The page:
“Are these assemblies a branch off of the Pentecostal movement?” Pastor Springer wanted to know.
“No, actually,” Emma answered. “Doctrinally, they align pretty closely with the Independent Fundamental Baptists.”
There was a collective grimace around the table, even from little Timothy. Clearly, the Independent Fundamental Baptists were not a denomination to be aligned with, even though Emma had been looking for a common point.
“I’m going to ask you some questions,” Pastor Springer informed Emma. “If any of them go over your head, just let me know and I’ll explain what I mean. Okay?”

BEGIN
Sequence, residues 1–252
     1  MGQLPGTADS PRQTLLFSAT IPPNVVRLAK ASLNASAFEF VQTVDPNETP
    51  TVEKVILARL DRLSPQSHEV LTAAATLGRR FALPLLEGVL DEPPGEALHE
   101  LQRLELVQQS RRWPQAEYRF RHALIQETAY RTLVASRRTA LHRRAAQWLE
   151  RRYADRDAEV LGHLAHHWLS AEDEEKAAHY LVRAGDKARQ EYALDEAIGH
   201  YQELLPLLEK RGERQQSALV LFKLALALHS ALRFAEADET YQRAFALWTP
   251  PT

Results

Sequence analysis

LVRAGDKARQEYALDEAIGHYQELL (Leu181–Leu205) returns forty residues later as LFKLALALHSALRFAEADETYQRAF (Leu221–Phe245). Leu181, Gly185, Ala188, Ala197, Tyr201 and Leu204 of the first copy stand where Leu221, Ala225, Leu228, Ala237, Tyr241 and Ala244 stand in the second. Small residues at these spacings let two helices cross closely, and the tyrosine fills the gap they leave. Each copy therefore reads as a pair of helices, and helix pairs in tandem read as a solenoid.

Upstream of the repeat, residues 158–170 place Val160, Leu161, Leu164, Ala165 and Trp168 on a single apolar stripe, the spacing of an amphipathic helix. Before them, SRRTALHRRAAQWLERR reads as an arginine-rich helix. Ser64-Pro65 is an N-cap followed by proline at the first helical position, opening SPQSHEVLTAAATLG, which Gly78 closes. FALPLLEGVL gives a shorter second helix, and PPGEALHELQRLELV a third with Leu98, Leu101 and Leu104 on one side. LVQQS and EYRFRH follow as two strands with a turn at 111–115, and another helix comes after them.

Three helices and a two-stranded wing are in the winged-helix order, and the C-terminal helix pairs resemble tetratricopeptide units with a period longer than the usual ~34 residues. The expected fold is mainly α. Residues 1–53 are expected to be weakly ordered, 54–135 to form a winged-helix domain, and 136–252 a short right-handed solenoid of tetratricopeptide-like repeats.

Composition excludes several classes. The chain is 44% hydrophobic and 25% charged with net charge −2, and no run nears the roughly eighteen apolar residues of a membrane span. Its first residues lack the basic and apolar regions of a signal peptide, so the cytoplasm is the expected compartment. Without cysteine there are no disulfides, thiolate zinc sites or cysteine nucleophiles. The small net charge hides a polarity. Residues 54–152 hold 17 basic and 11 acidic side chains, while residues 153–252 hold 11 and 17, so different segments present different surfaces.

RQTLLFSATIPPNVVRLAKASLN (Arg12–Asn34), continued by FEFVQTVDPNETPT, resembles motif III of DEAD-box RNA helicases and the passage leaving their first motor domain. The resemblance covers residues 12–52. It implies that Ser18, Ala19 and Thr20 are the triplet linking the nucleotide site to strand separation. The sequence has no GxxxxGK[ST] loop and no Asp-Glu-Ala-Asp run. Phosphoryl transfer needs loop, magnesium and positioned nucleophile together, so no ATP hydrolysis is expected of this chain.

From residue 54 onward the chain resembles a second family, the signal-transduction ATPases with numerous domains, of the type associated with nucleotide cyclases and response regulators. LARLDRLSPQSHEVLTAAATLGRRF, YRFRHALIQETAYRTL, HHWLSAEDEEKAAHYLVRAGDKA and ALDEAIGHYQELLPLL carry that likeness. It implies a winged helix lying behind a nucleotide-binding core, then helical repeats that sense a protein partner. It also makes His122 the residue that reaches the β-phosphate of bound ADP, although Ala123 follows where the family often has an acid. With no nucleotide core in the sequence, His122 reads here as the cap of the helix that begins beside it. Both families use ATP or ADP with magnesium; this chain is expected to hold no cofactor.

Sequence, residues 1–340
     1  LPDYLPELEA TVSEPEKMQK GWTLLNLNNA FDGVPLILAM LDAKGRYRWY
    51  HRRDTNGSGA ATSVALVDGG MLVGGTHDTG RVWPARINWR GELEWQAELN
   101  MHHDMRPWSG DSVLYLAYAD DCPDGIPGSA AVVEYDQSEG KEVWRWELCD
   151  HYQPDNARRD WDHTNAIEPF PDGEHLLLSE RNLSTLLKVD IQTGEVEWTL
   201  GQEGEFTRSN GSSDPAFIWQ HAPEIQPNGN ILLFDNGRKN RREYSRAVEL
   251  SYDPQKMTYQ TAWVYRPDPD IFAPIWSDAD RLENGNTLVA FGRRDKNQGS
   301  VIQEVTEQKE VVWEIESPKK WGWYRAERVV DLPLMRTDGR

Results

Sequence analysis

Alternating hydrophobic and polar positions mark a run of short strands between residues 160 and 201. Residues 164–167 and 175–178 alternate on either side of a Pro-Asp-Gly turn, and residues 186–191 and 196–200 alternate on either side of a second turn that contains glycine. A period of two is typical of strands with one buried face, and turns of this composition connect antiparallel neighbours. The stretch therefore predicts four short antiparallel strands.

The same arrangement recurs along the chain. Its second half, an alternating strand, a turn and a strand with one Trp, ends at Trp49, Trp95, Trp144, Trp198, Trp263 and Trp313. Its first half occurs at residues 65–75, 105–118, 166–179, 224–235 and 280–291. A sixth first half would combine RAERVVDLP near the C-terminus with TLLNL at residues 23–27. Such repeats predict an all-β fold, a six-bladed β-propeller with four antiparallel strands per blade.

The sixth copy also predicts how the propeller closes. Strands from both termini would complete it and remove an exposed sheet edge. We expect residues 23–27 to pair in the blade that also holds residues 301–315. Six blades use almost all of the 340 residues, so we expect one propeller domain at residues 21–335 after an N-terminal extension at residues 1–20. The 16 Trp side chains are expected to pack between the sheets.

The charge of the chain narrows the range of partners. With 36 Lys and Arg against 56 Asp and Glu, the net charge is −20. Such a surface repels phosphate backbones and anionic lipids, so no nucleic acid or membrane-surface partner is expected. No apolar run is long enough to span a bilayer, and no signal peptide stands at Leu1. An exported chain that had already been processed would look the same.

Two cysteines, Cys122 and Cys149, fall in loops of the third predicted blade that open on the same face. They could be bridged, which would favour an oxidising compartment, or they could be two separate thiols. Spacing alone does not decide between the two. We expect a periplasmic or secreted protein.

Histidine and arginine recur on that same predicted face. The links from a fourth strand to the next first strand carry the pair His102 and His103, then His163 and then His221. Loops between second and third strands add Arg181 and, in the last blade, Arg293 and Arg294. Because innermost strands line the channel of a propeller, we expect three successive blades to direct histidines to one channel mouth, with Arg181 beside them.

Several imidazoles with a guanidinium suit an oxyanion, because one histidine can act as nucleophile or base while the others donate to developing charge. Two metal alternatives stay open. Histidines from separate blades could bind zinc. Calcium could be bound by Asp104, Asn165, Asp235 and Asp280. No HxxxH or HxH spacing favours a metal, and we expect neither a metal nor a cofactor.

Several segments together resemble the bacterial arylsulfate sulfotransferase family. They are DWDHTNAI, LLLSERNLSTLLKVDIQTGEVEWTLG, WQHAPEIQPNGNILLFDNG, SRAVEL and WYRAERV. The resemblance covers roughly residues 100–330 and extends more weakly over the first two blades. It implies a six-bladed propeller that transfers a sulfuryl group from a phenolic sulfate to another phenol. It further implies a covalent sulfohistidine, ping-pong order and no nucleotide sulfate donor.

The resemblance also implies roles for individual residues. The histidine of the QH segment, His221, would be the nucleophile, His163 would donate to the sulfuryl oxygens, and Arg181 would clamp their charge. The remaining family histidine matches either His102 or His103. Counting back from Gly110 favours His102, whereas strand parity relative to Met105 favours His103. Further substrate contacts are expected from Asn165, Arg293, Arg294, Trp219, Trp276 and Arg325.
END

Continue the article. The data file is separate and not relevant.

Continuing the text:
“I’m sure I can take it,” Emma replied, confident. “Fire away.”
“Reformed or non-reformed?” Pastor Springer questioned.
“Well,” Emma began cautiously, “those of us of the Protestant persuasion are all reformed to some degree, right?”
“What do you mean by that?” Pastor Springer inquired before taking a bite of his lasagna.
“Aside from the Catholic and the Orthodox churches, the denominations we have now are by and large born out of the Protestant Reformation,” Emma answered, “and the reformations that have happened since then. In that case, we’re all reformed.”
“I’ve never heard it put like that,” Jolene said, fork poised mid-air.
Pastor Springer nodded.
“On the other hand,” Emma continued, “if by reformed, you are referring to a adherence to those doctrines of John Calvin that we’ve since packaged into five neat little points, or a doctrine of replacement, or antinomianism, I am certainly not reformed.”
Now Hannah looked unnerved.
~excerpted from A Year with the Baptists